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Diuretics are used in medicine to treat heart failure, liver cirrhosis, hypertension, and some kidney diseases. Urine contains electrolytes (such as sodium and potassium cations) and metabolic wastes in a watery (aqueous) solution. As the body excretes (expels) more urine, more electrolytes and water diffuse into the blood to replace that lost during urination.
Proper electrolyte balance is essential to good health, and diuretics may cause electrolyte imbalance. The most common electrolyte imbalance, hyponatremia, having too little sodium, can result from the use of diuretics. Hypernatremia, too much sodium, can also be caused by diuretics. Sodium imbalances should be corrected gradually because drastic changes in sodium level can cause brain cell shrinkage and damage to the pons region of the brain.
Diuretics may also cause hypokalemia, abnormally low potassium level. Patients taking diuretics are sometimes given potassium supplements to prevent hypokalemia, but one should only take these on advice of a physician. Special "potassium-sparing" diuretics are available for those on long-term diuretic therapy.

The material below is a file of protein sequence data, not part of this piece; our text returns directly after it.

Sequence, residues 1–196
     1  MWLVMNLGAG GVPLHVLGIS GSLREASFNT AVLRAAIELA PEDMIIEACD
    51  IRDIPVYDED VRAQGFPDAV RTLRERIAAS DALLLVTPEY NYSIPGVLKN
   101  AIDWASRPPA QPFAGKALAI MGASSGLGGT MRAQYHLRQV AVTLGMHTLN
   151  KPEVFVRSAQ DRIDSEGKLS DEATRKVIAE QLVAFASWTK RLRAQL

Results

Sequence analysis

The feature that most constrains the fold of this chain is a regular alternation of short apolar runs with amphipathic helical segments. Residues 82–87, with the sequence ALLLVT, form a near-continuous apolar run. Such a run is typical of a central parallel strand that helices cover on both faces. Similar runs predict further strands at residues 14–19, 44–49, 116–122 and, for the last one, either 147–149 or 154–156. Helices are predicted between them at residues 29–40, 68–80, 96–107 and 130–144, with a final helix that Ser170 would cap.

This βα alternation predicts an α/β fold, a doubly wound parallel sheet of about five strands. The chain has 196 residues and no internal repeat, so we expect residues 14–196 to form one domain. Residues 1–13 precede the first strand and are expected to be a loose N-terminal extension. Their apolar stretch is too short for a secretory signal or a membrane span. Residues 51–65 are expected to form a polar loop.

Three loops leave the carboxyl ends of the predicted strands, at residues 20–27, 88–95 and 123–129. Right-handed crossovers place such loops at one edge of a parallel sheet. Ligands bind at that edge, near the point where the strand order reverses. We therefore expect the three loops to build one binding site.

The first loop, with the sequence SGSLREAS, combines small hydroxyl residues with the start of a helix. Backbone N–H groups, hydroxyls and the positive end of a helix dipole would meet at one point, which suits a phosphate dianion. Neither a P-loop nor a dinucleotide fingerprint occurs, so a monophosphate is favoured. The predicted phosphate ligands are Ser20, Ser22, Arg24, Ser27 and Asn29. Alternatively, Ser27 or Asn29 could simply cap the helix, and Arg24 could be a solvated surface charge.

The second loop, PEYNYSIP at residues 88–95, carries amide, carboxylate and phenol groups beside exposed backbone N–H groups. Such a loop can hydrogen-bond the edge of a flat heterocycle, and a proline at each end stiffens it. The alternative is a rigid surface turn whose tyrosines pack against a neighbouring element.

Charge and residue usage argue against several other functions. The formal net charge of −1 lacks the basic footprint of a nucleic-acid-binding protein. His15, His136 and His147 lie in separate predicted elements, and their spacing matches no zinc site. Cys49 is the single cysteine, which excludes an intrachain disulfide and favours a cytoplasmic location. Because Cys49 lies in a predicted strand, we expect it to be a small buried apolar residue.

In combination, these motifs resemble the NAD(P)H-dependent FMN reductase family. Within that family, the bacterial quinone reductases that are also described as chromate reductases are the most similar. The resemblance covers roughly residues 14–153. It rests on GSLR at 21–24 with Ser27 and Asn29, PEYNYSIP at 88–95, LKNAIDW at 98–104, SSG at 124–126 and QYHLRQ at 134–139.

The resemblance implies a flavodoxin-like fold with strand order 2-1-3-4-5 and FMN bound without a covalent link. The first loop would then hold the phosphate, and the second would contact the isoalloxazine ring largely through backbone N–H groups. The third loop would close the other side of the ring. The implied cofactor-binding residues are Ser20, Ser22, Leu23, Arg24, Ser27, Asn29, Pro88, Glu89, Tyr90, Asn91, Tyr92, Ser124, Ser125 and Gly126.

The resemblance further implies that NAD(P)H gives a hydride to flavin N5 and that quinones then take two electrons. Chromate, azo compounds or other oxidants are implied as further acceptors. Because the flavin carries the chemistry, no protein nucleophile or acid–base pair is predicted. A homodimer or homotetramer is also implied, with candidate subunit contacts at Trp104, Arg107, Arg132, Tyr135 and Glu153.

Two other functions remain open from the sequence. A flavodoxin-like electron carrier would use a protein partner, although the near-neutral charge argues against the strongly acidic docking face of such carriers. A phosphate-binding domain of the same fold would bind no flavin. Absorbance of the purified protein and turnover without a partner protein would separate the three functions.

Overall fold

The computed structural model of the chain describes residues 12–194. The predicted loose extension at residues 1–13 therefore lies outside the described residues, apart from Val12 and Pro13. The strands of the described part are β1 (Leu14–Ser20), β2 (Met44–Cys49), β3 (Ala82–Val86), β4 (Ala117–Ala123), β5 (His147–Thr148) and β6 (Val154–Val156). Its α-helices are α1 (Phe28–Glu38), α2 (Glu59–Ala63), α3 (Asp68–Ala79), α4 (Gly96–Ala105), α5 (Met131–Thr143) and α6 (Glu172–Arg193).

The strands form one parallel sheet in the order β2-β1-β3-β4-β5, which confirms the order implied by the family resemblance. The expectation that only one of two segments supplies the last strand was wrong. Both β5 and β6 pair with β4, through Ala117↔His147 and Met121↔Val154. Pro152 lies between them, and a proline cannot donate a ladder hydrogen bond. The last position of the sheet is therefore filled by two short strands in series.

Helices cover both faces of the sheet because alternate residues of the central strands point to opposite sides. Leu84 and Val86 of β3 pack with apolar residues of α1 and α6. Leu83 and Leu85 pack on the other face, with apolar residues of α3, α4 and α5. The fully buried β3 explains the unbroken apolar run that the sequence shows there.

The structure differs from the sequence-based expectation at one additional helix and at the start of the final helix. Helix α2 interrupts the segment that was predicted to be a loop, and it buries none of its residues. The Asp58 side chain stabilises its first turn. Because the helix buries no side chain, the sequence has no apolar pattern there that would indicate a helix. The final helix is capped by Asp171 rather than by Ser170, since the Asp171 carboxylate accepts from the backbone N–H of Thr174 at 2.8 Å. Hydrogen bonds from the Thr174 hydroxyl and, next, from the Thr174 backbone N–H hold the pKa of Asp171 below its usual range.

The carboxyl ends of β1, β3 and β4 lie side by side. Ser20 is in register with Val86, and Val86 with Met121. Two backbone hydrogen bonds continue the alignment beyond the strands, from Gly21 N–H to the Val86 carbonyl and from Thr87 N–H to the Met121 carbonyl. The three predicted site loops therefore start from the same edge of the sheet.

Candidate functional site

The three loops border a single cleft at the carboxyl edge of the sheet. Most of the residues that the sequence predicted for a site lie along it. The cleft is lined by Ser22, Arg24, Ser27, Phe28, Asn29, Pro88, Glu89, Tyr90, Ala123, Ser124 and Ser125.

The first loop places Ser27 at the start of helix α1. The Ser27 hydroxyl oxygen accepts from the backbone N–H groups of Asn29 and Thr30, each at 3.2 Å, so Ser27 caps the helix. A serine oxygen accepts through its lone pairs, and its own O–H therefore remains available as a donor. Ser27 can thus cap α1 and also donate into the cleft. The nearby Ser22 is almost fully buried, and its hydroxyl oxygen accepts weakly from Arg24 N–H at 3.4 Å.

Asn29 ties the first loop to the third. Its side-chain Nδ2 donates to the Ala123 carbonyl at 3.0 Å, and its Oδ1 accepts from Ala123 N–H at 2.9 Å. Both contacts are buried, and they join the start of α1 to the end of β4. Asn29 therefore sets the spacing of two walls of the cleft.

Electrolyte imbalance can be treated with one or more of the following:
Diuretics such as ephedra (ma-huang) are sometimes used as a part of weight loss programs. Care should be taken when taking diuretics to avoid dehydration (excessive body water loss) and electrolyte imbalance. See the NIH link on this topic under Further Reading below
Common household diuretics include coffee, alcohol, and cranberry juice.
Some chemicals are diuretics; if ingested, they can cause increased urine production or urine flow. Thiazides and loop diuretics are two common classes of diuretics used in medical treatment.
Diuretics may be used to treat ingestion of small quantities of harmful chemicals, such as thallium and cholecalciferol-based rodenticides.
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See also: antidote, concentration, nephrotoxin.
Additional definitions from Google and OneLook.
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